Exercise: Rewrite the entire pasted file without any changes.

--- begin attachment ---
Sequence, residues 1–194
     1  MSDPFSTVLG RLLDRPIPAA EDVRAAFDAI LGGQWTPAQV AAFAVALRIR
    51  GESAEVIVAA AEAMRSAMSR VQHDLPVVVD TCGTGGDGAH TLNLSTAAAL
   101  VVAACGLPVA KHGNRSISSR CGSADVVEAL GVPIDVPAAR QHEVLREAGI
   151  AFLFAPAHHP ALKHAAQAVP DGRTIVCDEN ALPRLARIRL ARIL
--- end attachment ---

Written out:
Sequence, residues 1–194
     1  MSDPFSTVLG RLLDRPIPAA EDVRAAFDAI LGGQWTPAQV AAFAVALRIR
    51  GESAEVIVAA AEAMRSAMSR VQHDLPVVVD TCGTGGDGAH TLNLSTAAAL
   101  VVAACGLPVA KHGNRSISSR CGSADVVEAL GVPIDVPAAR QHEVLREAGI
   151  AFLFAPAHHP ALKHAAQAVP DGRTIVCDEN ALPRLARIRL ARIL